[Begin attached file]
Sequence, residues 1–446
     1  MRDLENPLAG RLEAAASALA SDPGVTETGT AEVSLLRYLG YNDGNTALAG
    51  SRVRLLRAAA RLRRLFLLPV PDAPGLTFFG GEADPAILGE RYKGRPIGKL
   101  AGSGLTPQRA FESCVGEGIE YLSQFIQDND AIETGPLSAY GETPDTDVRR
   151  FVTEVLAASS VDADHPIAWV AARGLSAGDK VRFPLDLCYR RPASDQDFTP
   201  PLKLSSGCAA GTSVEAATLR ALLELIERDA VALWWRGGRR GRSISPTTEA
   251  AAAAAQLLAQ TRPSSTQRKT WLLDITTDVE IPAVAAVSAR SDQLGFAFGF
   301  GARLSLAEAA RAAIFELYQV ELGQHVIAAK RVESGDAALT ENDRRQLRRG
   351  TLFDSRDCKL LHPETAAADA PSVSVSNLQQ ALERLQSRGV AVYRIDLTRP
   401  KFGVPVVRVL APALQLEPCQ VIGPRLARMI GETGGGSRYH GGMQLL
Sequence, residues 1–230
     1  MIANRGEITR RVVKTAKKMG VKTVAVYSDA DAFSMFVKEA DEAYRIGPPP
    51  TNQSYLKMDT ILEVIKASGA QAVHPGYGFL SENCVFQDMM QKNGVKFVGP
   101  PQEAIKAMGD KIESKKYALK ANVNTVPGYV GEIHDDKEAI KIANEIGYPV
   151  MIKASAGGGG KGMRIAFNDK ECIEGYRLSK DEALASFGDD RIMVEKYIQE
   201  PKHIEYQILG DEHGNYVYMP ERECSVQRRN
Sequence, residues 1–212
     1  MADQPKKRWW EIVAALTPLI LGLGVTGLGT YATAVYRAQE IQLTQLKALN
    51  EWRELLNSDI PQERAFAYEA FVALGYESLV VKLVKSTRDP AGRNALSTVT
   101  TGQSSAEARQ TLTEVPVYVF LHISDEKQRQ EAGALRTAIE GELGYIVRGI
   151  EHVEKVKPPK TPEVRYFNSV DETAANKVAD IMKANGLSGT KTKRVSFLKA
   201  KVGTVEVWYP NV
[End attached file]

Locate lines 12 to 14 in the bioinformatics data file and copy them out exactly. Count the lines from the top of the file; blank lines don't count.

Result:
     1  MIANRGEITR RVVKTAKKMG VKTVAVYSDA DAFSMFVKEA DEAYRIGPPP
    51  TNQSYLKMDT ILEVIKASGA QAVHPGYGFL SENCVFQDMM QKNGVKFVGP
   101  PQEAIKAMGD KIESKKYALK ANVNTVPGYV GEIHDDKEAI KIANEIGYPV